There are so many things to factor in when pricing and I do wonder whether some customers really do understand exactly what they are paying for when they buy handmade pieces.
I doubt very much whether any designer-maker chose this career to make a fortune, but naturally we do need to eat, pay mortgages/rents, bills and have the occasional treat like other people!
I dread pricing, but as I was costing these brooches, I got to really thinking about all the things that have to be taken into account. So, desperately hoping that I don't sound too preachy, here are some of them.
COST OF MATERIALS
The most obvious and immediate cost for the designer-maker, but there are additional costs for collection or postage of the materials. My resin legally has to be sent by courier, which is more expensive than Royal Mail. I have to travel to a neighbouring town to pick up my wood shapes and my Japanese chiyogami paper comes from a shop in London.
A basic kit to make each piece gets put together quite quickly, but the cost of tools doesn't end there. Things break or need upgrading and even a good supply of pens and paper for the designing part all cost and all need to be factored in.
In addition to the physical making time, there is also the time it takes to design the piece. Obviously this only needs to be done once before the actual making starts, but it can take me several hours of research, sketching and refining on the computer to get a design absolutely right.
There is lots of necessary behind-the-scenes work spent on the business. Photographing pieces to a respectable standard and uploading them all onto the site (as well as writing the blurb to accompany them) is a major one and takes LOTS of time as I take 5-6 photos of each product from various angles to really show them off to the customer. If I was lucky enough to be able to afford to pay someone to do this for me (or anything else to help the business) then that would cost too. My nearest professional photography studio charges £100 an hour + VAT. Time is also spent on general admin and social media promotion, writing newsletters and blog posts, preparing and packing orders, ordering materials, designing promotional artwork and labelling and pricing stock for galleries.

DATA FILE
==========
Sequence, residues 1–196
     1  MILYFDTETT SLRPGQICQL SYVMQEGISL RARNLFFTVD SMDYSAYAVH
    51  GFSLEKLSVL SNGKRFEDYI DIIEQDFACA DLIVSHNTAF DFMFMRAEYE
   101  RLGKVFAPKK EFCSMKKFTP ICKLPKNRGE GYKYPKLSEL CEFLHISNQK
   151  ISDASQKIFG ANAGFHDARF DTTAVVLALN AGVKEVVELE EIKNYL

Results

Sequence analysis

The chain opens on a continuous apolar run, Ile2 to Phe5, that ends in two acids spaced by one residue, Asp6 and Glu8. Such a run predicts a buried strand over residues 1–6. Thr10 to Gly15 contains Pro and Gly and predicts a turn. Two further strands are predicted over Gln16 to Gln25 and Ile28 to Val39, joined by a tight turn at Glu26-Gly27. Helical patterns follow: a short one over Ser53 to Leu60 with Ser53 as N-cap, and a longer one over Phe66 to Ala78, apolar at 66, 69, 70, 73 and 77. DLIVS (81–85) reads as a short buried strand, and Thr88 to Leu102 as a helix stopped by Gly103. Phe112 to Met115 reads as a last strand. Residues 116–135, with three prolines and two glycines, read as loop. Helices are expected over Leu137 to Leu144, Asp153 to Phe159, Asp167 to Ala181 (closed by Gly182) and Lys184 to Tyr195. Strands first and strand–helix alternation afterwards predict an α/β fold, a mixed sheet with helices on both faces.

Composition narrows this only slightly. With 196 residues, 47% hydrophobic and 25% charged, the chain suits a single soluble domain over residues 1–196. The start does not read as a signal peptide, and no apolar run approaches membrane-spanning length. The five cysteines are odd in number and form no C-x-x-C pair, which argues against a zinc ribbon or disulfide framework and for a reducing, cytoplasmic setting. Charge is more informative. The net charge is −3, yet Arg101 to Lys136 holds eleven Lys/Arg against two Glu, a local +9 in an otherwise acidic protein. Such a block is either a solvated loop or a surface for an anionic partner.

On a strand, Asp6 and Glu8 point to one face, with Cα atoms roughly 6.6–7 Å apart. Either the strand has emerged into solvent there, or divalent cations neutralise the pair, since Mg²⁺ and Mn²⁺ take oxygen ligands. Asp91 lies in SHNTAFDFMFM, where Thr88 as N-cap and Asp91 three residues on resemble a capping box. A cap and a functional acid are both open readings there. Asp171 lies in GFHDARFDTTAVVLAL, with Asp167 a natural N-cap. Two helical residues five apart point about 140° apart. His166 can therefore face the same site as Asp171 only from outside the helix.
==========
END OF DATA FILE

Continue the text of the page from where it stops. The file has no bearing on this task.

STUDIOI work from a studio so there is rent, bills and insurance to pay for my space.
Whether sales are made from a personal website, a big online one like Etsy or Not On The High Street, a craft fair or a bricks-and-mortar shop or gallery, all have charges that need factoring in.
Personal websites may need to be professionally designed, which isn't cheap. There are also hosting charges. My web hosting and online shop platform cost me around £38 per month. Fortunately I can design and update it myself, so I only had to pay a web designer a small fee to do a bit of technical tweaking.
A small space - say 1m x 2m - at a craft fair can cost anything from £50 to in excess of £1,000. There may be additional charges for a table, electricity, lighting and shell scheme (display boards and dividers to section off your space). There is also travel to factor in, possibly overnight stays if the fair is a long way from home plus food and drinks to the energy going!
Shops and galleries take up to 50% commission on sales. It is EXTREMELY frowned upon to put up prices for galleries whilst continuing to sell the same item cheaper elsewhere, so the retail price of a handmade piece needs to be worked out so that all costs are covered by half that amount.
Wherever I advertise (with the exception of some social media platforms) costs money. It is essential to let people know who I am, where I am and what I do or I can't make sales. Facebook, once my favourite, will now only show a post to a miniscule number of likers unless I pay money to 'boost' the post so that more people see it. Thus if I have something important to say, it can cost upwards of £3 per post to give it a decent exposure.
Magazine advertising or advertorials start at over £100 for one month depending on the publication.
Business cards and other promotional materials such as banners also cost to get printed (nearly always leading to gritted teeth time when children scoop up handfuls at fairs because they are 'free').
PRESENTATION & DELIVERY COSTS
So a lovely customer has bought a piece. Is it labelled and nicely packaged and popped into a box or padded bag? Has it got a card or business card in with it? Or even a little freebie, like a postcard or a sweet? Yup, you guessed it - more costs.
And finally . . .
Consider how reeeeeeeeally long it has taken the designer-maker to make that piece. All the years of practising and all the time spent trying out ideas that didn't work to get to the ones that did, as well as attending classes and workshops to learn new skills and techniques.
In his later years, the artist Pablo Picasso was being interviewed and was asked if he would mind doing a quick drawing. Picasso scribbled something on a piece of paper and handed it to the interviewer, who then asked him if he didn't feel slightly guilty that a scribble that took seconds could potentially sell for thousands.
'Seconds?' retorted Picasso 'That took me eighty years to do!'